These plants can offer color, texture, and divisions of height within a bed, it is all about directing the eye to the natural flow of the landscape. What budding landscaper's want is for the line of sight to flow upward directing the eye to the back of the bed and eventually the structure that the bed is emphasizing.....like your beautiful house.....you know curb appeal and all that. Here are some of my favorite border plants:





Saturday, April 9, 2011

The Knock-Out.....Rose that is

The Knock-Out Rose

Well as you can see from the date stamp, I just took this picture. Amazing how beautiful and prolific these roses have become this year, considering they received absolutely no attention the past several months. Well I should qualify that statement, no human attention. My four large dogs have busted through them at least twice daily chasing rabbits and other dreaded varmints and they are a favorite "watering" post for the male dogs. And yet they still present us with a fantastic spring color show.

Usually in the winter I prune them back by any where from a third to two thirds of the height,  trim all the dead canes out, strip the leaves and spray with dormant oil. This year with the broken leg I had in early February, I have done nothing to the yard at all. Oh well, it gives the rabbits a new hiding place.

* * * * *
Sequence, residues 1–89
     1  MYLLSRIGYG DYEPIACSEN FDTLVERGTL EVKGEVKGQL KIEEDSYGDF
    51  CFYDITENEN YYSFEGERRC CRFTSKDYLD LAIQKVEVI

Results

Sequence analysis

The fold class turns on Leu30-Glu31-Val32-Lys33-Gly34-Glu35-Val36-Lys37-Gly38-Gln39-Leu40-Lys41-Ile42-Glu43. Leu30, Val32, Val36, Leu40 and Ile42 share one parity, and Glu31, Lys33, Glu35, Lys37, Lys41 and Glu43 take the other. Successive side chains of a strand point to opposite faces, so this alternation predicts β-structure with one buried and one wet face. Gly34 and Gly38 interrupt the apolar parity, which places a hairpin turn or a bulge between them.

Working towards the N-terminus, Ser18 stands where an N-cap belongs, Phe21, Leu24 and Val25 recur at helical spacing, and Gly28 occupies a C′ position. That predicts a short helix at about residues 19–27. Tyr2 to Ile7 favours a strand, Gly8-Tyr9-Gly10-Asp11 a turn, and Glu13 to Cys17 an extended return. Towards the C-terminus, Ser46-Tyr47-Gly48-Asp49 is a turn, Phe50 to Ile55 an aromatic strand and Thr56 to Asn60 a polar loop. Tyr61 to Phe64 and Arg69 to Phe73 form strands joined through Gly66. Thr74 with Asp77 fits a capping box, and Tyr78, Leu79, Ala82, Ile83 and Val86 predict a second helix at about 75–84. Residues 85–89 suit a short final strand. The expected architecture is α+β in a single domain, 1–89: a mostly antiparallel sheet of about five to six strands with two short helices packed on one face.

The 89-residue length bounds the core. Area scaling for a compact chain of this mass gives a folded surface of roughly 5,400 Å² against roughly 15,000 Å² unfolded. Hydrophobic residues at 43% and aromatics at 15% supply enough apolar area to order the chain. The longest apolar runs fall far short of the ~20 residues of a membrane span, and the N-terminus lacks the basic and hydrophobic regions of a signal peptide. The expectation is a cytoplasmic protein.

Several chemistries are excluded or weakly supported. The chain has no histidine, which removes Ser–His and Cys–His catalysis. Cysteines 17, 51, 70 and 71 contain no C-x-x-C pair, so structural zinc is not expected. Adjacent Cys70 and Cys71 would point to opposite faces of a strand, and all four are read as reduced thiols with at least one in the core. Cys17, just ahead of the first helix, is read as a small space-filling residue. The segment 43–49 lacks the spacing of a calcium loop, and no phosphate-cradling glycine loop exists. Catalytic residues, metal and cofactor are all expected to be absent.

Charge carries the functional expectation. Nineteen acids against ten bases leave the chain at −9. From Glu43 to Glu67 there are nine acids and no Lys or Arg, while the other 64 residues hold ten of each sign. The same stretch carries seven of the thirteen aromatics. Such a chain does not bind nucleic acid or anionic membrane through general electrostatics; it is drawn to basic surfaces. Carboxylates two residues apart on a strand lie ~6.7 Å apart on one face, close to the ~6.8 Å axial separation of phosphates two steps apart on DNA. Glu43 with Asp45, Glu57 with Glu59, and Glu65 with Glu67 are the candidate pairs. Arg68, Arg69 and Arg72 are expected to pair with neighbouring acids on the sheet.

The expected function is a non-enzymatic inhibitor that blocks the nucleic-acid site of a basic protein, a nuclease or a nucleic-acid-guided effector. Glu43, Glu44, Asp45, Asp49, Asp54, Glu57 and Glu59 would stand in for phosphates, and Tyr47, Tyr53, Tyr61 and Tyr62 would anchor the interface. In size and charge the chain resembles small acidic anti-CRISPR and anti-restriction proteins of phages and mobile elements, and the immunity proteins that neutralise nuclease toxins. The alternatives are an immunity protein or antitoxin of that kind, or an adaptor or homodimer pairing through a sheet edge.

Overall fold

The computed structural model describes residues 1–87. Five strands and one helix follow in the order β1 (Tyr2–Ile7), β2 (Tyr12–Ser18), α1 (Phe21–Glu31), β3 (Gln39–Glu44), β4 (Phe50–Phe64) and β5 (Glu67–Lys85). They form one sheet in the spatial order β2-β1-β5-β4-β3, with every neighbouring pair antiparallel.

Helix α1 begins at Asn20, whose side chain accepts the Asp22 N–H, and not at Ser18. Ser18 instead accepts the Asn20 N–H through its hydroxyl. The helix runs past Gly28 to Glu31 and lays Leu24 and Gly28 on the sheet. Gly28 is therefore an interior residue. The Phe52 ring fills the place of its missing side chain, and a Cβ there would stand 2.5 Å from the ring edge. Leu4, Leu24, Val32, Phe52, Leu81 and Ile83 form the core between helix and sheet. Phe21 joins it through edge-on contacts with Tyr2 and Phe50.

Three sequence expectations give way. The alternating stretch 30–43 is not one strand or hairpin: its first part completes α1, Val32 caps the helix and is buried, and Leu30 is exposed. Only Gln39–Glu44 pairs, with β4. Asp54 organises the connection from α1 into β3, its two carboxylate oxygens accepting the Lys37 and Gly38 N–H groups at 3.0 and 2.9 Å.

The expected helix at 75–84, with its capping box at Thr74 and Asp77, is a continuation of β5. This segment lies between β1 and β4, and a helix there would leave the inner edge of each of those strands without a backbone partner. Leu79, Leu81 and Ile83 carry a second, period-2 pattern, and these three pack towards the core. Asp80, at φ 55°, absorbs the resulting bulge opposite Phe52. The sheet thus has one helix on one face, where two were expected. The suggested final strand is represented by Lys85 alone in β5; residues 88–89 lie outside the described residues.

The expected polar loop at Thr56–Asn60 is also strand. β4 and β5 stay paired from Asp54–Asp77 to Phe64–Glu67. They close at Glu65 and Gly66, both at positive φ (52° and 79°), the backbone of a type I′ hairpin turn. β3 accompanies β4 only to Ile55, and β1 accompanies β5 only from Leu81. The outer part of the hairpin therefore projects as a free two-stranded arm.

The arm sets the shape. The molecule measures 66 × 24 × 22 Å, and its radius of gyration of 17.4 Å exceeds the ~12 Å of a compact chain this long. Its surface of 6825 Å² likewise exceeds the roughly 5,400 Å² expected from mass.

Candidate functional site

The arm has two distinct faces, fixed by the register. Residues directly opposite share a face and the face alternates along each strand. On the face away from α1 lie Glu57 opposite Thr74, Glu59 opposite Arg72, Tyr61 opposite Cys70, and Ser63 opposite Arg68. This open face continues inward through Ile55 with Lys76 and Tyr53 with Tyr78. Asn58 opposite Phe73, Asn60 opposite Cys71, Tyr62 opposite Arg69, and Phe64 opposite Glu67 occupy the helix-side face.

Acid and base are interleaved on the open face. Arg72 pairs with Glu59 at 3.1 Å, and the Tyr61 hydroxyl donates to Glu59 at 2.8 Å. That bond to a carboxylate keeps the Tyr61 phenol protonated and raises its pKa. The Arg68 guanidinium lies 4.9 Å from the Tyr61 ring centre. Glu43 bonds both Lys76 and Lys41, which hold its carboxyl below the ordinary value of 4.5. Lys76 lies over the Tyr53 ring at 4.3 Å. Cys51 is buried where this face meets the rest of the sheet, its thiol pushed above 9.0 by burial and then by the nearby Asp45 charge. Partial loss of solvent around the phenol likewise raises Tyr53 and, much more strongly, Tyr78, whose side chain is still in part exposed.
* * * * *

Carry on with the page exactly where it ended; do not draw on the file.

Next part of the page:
If  I was going to recommend a plant for a new gardener it would be the knock out rose...as sure success story, for the gardener and the garden.

Saturday, April 2, 2011


The Urban Garden Shop Adventure

Well April is here and for many in North Texas Spring is here also. Now that urge to plant something and improve your yards..... that has been fermenting all winter has now come to fruition (not really a metaphor more like symbolism...ha ha)

So let’s go shopping! But first let’s devise a plan…Or better yet down load Google Earth and draw a plot plan of your house if you do not have one already, mark where you want to add color, trees, shrubs, new sod…….this is all in preparation for the journey or the adventure you are about to take. Nothing like good preparation…the boy scouts great motto!

Now that we know what we need, as an example, color in the front bed… we know from our plan that our house faces south and has a full sun exposure. In choosing our "color" we want a tough, full sun plant, which will “pop” for drive up appeal.

This is the drill, do you planning and research. And this is your mantra today…repeat several times after me……bed preparation is vital….bed preparation is vital…proper bed prep… the addition of organic materials, soil, and proper nutrients will make your home…the  Home of the Month…( well maybe not) but your new plantings will thrive and love you bunches……